International: Data privacy for Edtech institutions and remote learners
In recent years, digital transformation has disrupted the traditional models of education. New methods have emerged for educating students, researchers, professors, educationists, and remote learners across the globe, regardless of territorial and geographical boundaries. The bulk of this frequent transmission of knowledge through well designed learning applications is referred to as Education Technology ('Edtech'). Ololade Oloniyo, Data Privacy Practitioner and Convener at IP Law Discourse, discusses data protection considerations for the Edtech industry and the business value of privacy for Edtech companies.
Prominent and successful Edtech companies improve student research, accountability, and evaluation through data mining, data analytics, and web dashboards. The evolution of computerised learning models allows companies to gain insight into best practices that improve learning capabilities. Data analytics software provides immediate feedback to teachers about a student's academic performance, making it possible to evaluate learning in more detailed ways. Data mining helps to provide credible feedback to course creators and faculty coaches on the structure and design models used in learning rooms. Many schools have developed dashboard softwares to monitor the overall performance of the school, and review, modify, and restructure academic goals.
Without the science of Big Data, the Edtech industry cannot maximise its potential or invent new models of business within the industry. One thing remains obvious, the science of big data is incredibly valuable to the Edtech industry.
While Edtech encourages innovation, collaboration, and inclusivity, it has also ushered waves of privacy concerns for tech-preneurs and educationists. The principle of data ethics implies that every organisation needs to implement data privacy solutions that reduce data breaches and demonstrate compliance with legal obligations. A recent case study by the U.S. Government Accountability Office on the K-12 Cybersecurity Resource Center1 clearly shows that Edtech organisations must carefully work towards protecting the personal data of remote learners. According to the study, many K-12 students had their personal data thwarted away in data breaches. Affected data included students' academic records, social security numbers, personally identifiable information, assessment scores, and special education reports. The consequential effect of this is individual and organisational harm, legal liability, identity hijack, blackmail, loss of public confidence, and reduced enterprise value.
Proactive measures should be embedded within the corporate strategy of every Edtech institution. One cardinal principle of data privacy is Privacy by Design. Article 25 of the General Data Protection Regulation (Regulation (EU) 2016/679) ('GDPR') supports data protection through technology design. The GDPR requires that a data controller exert proper technical and organisational measures to reduce data breach and protect the rights of data subjects. However, beyond technology design, Privacy by Design should be seen as a part of organisational culture. The most effective way of making privacy and security an integral part of the company is to build them into the core values and ethics of the organisation. This way every trainer, staff, and program officer gets to see privacy as a tool for business continuity and integrity.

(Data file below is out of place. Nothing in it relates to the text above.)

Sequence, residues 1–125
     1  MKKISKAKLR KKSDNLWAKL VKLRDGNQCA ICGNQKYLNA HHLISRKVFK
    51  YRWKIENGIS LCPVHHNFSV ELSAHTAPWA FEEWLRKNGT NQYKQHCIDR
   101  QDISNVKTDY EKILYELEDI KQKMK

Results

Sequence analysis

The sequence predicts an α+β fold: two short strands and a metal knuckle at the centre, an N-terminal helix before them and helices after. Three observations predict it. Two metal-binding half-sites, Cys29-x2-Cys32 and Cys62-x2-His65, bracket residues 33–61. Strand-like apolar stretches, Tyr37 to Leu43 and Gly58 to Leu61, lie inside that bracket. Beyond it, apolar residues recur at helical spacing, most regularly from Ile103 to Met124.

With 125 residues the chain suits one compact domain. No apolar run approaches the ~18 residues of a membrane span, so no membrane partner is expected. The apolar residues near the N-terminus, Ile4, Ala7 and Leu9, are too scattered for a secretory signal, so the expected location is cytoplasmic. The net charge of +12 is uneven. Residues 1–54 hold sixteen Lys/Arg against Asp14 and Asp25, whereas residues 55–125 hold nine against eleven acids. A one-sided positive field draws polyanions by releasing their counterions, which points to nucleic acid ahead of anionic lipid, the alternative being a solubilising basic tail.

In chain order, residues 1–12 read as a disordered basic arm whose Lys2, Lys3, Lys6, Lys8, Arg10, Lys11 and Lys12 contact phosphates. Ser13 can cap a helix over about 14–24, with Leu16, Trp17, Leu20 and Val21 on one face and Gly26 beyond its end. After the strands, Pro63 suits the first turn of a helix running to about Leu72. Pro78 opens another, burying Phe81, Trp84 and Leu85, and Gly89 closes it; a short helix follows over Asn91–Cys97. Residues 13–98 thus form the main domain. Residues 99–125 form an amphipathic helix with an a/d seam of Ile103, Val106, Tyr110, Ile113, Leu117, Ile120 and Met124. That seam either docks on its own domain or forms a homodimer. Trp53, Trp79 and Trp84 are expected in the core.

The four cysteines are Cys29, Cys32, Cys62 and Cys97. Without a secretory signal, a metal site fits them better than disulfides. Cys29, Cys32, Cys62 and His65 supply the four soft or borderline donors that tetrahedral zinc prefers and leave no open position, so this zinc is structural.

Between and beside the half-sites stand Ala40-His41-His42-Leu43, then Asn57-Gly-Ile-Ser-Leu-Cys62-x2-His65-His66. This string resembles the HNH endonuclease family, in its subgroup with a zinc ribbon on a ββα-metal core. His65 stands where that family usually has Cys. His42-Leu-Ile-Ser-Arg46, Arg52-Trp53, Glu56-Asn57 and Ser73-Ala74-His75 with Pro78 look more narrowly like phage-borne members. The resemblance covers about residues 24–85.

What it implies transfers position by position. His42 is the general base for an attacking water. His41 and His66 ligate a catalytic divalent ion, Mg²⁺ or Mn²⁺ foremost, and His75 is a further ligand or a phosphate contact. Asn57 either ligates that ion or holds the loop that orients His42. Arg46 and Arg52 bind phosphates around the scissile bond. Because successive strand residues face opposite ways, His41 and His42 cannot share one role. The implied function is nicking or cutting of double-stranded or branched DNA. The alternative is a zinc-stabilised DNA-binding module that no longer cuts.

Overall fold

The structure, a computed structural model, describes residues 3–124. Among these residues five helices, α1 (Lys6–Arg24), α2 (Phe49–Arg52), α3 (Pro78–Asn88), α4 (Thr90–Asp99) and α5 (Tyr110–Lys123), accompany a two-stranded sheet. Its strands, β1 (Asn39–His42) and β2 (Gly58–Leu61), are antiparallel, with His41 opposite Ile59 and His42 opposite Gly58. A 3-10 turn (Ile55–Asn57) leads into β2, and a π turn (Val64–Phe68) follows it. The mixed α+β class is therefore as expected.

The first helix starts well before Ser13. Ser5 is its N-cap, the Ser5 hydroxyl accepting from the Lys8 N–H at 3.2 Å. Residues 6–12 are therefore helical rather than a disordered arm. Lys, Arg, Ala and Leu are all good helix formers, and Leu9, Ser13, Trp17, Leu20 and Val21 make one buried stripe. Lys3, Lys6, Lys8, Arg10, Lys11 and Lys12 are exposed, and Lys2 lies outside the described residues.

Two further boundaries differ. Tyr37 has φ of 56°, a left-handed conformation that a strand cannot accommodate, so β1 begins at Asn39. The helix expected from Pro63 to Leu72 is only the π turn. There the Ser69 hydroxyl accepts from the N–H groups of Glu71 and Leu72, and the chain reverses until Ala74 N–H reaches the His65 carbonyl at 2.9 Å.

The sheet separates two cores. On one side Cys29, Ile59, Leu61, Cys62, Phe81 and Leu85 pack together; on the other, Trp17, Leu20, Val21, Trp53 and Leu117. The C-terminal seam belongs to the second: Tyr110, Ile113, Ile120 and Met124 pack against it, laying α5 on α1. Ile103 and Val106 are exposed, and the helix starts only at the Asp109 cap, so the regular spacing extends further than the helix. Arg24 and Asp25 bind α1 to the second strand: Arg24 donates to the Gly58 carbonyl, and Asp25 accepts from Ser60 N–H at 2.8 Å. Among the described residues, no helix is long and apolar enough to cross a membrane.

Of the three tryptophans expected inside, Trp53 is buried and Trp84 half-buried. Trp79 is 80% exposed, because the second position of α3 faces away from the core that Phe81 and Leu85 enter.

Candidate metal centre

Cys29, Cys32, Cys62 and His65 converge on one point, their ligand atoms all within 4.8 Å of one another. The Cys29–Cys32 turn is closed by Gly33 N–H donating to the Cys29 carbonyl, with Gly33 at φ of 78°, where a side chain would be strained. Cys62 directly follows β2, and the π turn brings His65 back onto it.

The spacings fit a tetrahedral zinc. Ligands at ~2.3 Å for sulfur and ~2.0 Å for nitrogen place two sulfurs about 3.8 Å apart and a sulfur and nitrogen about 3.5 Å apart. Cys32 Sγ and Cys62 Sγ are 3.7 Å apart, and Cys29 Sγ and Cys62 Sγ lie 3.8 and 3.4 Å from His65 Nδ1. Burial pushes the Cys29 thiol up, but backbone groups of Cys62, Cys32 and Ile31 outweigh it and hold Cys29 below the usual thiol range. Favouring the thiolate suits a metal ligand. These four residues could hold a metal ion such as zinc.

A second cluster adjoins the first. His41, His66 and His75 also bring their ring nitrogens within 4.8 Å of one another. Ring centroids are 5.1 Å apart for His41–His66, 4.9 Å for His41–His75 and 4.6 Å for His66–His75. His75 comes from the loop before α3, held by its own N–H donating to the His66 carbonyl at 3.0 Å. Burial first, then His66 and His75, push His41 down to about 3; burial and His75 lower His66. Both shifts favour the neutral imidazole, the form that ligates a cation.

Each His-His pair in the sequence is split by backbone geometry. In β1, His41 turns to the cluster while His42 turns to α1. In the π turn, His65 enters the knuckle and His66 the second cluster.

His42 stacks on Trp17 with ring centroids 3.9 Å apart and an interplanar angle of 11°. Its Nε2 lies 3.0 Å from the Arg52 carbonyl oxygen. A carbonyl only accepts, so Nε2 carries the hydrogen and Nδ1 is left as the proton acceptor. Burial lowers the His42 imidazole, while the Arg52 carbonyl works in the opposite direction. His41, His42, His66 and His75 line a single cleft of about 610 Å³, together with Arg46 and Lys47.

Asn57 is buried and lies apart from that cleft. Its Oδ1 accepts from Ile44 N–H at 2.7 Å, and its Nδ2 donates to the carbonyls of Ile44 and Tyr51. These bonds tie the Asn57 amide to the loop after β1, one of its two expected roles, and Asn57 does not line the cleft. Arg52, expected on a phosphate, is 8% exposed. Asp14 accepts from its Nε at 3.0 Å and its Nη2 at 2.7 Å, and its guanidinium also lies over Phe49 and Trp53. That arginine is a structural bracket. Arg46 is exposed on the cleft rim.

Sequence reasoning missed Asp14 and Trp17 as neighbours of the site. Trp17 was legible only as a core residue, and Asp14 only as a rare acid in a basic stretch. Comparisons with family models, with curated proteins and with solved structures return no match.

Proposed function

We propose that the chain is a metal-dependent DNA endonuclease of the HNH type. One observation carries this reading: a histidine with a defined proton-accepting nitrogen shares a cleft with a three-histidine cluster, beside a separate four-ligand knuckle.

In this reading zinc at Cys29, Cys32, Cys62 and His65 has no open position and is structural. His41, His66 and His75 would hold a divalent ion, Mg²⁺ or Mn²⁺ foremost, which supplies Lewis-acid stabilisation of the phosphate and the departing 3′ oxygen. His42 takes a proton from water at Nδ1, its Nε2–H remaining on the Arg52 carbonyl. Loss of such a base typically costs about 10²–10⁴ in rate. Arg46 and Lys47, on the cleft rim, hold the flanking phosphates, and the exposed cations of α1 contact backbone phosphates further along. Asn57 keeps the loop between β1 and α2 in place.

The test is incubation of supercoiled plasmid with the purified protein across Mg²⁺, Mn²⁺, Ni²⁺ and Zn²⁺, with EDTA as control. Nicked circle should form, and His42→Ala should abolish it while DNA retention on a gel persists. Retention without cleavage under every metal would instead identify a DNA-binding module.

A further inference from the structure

Remote learners should be keen on data privacy and protection as well. They should be taught to check privacy setting on mobile apps, computer software, and online accounts. Edtech institutions must also empower remote learners to understand their privacy rights. All data subjects including remote learners have the right to be provided with a transparent and clear privacy notice which explains how their data will be processed. They also have the right to restrict the processing of data, bring legal proceedings against a controller or processor and claim compensation for damages suffered for non-compliance with privacy regulations.
Edtech institutions should educate remote learners on anti-malware protection, keeping strong passwords, encryption, password storage tips, cyberbully (kids) and on best practices for using the internet safely. This builds clientele trust and enhances a more collaborative approach against cyber-threats and data breaches.
Privacy compliance, technical cyber security measures, staff trainings, and continuous education of remote learners for safe internet use must never be regarded as a burden by Edtech organisations. Leaders must recognise that data privacy compliance ultimately contributes to the achievement of the desired goals of the company. In the long run, institutions that make privacy a core value will promptly build a large base of fans, grow brand value, and attract investments opportunities within and outside its market.
Ololade Oloniyo Data Protection Practitioner
IP Law Discourse